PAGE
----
Eller’s play drew special praise from Coach Jacques Martin. “It was the first opportunity I had to see him play,” Martin said. “I like his speed, I like his quickness, he wants the puck. I thought he was on a lot of loose pucks. He went to the net, went into the traffic. So, he showed a lot of good things.”
Robert Mayer has clearly been the best young goalie in camp. Remember the outcry from certain quarters when Cedrick Desjardins was traded? Mayer’s play is proving that the right hockey decision was made.
Mayer made 18 saves on 19 shots playing the last half of the game He is an aggressive goaltender (which can be a blessing and a curse) with an excellent glove hand. Puckhandling is a shortcoming which almost cost him against the Senators.
“All I had to do is have no rebounds and I just had to make myself look big, and that’s what I was focusing on the whole game,” said Mayer. “I think it went pretty good.”
Plus and minus:
▲ Ryan White led the team in hits and had an assist. He fought Eric Gryba when the Ottawa defensemen targeted Max Pacioretty with a head shot.
▲ David Desharnais made an excellent pass to set up Mathieu Darche’s power-play goal. It was the perfect game for Desharnais with the Senators totaling only 16 hits all night.
▲ Max Pacioretty played just over nine minutes with significant time in the dressing room due to injury. When on the ice he was effective and tallied four shots on goal.
▲ Ryan O’Byrne was rewarded for his hard work by wearing an Assistant Captain ‘A’ on his sweater. He played a simple game and was solid in just under 20 minutes of play.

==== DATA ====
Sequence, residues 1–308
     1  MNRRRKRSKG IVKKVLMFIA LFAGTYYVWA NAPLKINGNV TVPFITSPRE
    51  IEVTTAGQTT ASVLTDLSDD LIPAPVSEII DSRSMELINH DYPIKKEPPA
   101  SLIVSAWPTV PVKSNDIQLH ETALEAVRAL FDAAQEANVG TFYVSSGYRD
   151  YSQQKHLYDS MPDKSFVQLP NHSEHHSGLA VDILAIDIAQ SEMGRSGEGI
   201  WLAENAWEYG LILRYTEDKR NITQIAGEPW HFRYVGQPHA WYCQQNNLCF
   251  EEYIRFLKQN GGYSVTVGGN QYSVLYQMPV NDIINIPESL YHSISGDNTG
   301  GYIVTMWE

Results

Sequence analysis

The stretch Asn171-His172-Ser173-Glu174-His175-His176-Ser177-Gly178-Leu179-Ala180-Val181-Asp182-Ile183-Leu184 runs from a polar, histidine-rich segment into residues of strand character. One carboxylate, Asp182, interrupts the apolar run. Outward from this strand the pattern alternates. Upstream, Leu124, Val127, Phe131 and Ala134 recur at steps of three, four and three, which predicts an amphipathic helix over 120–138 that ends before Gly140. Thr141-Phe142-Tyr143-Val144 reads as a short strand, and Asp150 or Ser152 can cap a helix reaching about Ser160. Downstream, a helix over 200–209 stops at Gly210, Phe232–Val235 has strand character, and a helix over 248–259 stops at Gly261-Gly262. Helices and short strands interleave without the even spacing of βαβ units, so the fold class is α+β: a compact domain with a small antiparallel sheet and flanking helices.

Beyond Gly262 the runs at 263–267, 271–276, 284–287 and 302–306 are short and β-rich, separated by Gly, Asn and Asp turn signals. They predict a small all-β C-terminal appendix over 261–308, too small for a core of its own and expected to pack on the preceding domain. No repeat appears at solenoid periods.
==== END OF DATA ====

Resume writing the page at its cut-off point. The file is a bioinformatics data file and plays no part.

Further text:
▼ Alex Henry had an assist but struggled and found himself out of position for much of the game.
▼ For a player with good size, Andreas Engqvist continues to be invisible with unremarkable play.
▼ Ian Schultz proved to be fearless after fighting Cody Bass but his lack of conditioning didn’t allow him to be as effective as he should be.
The Canadiens have been employing a power-play scheme with four players below the hash marks and only one man back at the point. At times, the power-play has looked disorganized but has limited success so far with a goal in each of the first two pre-season games.
We saw this alignment at the 2009 World Junior Championships in Ottawa with Team Canada directed by Head coach Pat Quinn. In a game against Kazakhstan, Team Canada scored eight goals on the power play, setting a new single-game Canadian record.
P.K. Subban was a member of the 2009 gold-medal junior team. Former Hamilton Bulldogs bench boss, Guy Boucher was Quinn’s assistant in charge of the power-play.
Canadiens coach Martin confirmed that the team was evaluating the system during the pre-season.
The Canadiens and Senators meet again on Saturday night at Scotiabank Place in Ottawa.
All Habs game stars:
1. Andrei Kostitsyn
2. Lars Eller
3. Robert Mayer
(Photo by Bruce Bennett/Getty Images)
Guillaume Latendresse spoke with Marc Antoine Godin of La Presse on Carey Price. Latendresse said, “I find it so sad. [Booing Price] dirties the image of Canadiens fans.”
Read the rest of the story here (French).